Let’s face it, sequels suck. For one thing, the novelty factor is lost forever. A sequel has to be the same as the original, but different, but not too different. And even if the formula can be replicated, the tone of the original is never quite recaptured. It’s tough to get lightening to strike twice.
Unless it’s Greased Lightning. Grease 2 is the most AWESOME sequel ever. With classic songs like “Do It For Our Country” and “Lets Score Tonight (Let’s Bowl, Let’s Bowl, Let’s Rock n Roll)”, how could it miss? With all but a few minor characters reprising their roles (and who misses Olivia Neutron Bomb and John Revolta), the acting is top-notch. Maxwell Caulfield was completely wasted in The Colbys, and Adrien Zmed carried Shatner in TJ Hooker. I’m not sure what happened to the chick that played Stephanie. She was pretty hot, but I haven’t seen her in anything lately.
But I digress.
When I first wrote about Ted Forth, I emphasized how his middle-aged life mirrored mine. What I neglected to emphasize was the warm and loving relationship he has with the titular (there’s that word again) heroine. Lots of comics have couples that fight and bicker constantly. The Lockhorns. Andy Capp and Flo. Hagar and Helga. Gen. Amos Halftrack and the Battle-axe. Herb and Jamal. Cheap laughs from bad, bordering on abusive, relationships are easy. It is so much harder to convey the give and take of a devoted loving relationship between equals.
In the nearly eleven years of their marriage (Note to Ces: We still need that long overlooked failed pregnancy test/whirlwind engagement flashback), Sally and Ted Forth have stood by each other and grown stronger. I would dare say that in all of Western literature, Sally Forth is the strongest portrait ever depicted of a deep and abiding love between two androgynously drawn comic strip characters.
Let’s look at some examples:
|Ted goes to chick flicks to keep his wife happy.|
That way she doesn't have anything to complain about when he wants to rent Ben Hur for the umpteenth time.
|Ted wants to take his wife on a romantic vacation. |
His vacation got spoiled by a sick cat. That’s why I won’t own a cat. I did take my wife to Paris. Unlike the Forths, we took our kid. I like their idea better.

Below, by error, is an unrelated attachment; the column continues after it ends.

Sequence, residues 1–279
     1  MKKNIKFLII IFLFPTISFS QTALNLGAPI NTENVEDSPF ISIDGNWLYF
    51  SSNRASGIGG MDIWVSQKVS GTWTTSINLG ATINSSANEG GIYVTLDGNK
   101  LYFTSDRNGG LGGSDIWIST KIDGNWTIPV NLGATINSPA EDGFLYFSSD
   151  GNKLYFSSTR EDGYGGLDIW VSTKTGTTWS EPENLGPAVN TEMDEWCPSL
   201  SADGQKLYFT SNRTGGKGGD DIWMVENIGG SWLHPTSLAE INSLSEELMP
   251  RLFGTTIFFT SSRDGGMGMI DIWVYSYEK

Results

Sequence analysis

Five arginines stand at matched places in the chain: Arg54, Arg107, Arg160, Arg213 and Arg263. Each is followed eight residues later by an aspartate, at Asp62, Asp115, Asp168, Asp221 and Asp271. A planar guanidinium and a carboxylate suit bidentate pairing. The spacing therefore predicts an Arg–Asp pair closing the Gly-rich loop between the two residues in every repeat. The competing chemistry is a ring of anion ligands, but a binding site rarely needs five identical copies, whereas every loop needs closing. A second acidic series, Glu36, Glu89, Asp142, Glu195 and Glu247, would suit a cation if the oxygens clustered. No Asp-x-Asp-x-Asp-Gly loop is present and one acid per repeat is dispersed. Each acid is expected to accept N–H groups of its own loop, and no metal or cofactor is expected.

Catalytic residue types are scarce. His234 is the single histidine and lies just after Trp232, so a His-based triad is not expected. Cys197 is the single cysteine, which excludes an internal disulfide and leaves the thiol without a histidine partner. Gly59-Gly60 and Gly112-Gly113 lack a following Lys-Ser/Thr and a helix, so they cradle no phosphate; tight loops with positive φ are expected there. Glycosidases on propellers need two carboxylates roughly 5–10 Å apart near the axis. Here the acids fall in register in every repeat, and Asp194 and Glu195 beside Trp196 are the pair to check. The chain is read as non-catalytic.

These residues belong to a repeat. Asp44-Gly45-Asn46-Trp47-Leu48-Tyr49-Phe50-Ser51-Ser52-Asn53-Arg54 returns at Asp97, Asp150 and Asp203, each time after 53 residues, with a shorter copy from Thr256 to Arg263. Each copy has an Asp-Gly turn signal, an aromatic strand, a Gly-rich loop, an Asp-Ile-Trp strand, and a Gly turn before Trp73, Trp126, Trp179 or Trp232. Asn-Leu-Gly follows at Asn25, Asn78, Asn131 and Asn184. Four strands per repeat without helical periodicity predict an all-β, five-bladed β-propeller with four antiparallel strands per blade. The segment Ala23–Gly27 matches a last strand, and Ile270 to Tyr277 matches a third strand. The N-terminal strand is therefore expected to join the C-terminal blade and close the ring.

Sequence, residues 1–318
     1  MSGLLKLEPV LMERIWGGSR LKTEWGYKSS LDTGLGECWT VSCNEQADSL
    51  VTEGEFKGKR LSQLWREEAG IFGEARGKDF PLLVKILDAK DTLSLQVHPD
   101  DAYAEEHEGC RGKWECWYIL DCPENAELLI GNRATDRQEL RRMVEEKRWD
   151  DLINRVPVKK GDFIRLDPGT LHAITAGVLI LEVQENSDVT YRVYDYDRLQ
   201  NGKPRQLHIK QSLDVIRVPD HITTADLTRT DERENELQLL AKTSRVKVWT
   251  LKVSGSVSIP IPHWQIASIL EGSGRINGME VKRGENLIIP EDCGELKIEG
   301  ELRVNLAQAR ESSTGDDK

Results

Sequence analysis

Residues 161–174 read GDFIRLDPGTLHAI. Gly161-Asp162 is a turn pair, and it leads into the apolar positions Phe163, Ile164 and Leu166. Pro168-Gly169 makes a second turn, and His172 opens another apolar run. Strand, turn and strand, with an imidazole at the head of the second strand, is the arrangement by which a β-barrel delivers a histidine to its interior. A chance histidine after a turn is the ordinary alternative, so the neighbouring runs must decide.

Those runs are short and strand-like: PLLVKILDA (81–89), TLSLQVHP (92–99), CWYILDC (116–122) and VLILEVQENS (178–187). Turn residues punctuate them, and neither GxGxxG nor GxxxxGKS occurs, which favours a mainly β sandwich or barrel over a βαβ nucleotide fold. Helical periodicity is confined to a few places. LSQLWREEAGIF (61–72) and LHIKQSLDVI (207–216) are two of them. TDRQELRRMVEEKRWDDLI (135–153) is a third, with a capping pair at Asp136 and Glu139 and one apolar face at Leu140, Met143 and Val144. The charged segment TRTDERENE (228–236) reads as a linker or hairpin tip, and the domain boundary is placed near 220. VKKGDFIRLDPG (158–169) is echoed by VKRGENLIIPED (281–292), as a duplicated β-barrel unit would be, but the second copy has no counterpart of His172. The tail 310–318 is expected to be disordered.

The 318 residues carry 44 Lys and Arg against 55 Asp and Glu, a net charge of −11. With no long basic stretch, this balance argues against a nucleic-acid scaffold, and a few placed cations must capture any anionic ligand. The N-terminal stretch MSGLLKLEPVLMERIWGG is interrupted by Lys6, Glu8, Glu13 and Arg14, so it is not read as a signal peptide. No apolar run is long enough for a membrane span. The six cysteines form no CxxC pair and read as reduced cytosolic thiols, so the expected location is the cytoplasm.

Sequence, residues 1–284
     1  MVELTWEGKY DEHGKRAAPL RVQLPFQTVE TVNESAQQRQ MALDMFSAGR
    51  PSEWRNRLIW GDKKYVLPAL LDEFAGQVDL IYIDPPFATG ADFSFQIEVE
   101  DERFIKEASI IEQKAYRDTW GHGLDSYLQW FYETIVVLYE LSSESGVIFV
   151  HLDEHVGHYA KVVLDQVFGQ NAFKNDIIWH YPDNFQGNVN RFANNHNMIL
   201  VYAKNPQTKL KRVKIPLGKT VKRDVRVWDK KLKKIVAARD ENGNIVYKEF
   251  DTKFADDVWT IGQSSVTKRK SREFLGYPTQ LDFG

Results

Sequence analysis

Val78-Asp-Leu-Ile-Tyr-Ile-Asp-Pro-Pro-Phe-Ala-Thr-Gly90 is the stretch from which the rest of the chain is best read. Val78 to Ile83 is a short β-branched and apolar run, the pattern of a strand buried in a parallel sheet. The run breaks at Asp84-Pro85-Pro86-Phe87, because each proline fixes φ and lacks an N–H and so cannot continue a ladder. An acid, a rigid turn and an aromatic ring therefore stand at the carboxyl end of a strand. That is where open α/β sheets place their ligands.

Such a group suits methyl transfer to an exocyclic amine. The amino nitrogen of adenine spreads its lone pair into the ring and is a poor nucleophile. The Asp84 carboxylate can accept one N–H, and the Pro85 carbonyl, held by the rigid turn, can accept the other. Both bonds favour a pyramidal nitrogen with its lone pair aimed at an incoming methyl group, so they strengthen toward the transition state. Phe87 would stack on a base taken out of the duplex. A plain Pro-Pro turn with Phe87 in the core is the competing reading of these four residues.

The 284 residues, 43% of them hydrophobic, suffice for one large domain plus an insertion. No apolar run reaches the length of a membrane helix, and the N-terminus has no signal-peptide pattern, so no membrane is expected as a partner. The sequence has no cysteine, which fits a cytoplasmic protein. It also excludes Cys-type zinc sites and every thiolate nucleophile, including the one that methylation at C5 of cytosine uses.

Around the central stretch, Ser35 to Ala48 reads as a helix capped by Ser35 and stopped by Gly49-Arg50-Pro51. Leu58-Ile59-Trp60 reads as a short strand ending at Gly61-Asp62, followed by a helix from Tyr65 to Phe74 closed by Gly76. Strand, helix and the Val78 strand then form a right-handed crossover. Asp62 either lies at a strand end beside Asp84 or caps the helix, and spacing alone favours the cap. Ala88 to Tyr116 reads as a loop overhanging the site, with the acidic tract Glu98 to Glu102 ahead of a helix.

|Ted checks with his wife before going out with the guys. |
That’s not being whipped. It’s just common courtesy. It's also a great excuse to keep yourself out of situations you don't want to be in.
|Ted doesn’t take marital advice from divorced guys. |
That's a good philosophy to follow. Don't take financial advice from broke people either.
|Sally supports Ted in his career decisions. |
Sure he's a pop culture loving goofball that hates his vaguely defined office job, but with Sally's support he can make it.
|Ted takes Sally out for a surprise dinner evey now and then. |
A little spontaneity goes a long way towards keeping the magic alive.
|Ted still thinks his wife is sexy. |
There is someone for everyone and sometimes a quick wit is just as sexy as a hot body.
|Ted is not afraid to tell Sally he loves here. |
That kind of daily affirmation is needed to keep a love alive. You can never tell someone you love them too often.
|Ted and Sally are still "romantic."|
Even though they've been married a long time, there is still magic and romance in the relationship. Couples need to make time for each other.
|Okay! Enough already! Get a room! |
Ted and Sally are a married couple that has ups and downs, but they face their challenges together. They are not afraid to be playful and affectionate with each other. Since comics stay awfully PG, we really don’t know much about the Forth’s private life, but I’m sure Ted gets more action than any other middle-aged comic strip character. Except maybe for Arlo. That Janis is one frisky minx.
As before, clicking on the picture will bring up the full strip. Shhhhhh, just don't tell King Features Syndicate. They like to charge lots of money to look at old comics that you can find on the web if you now where to find them.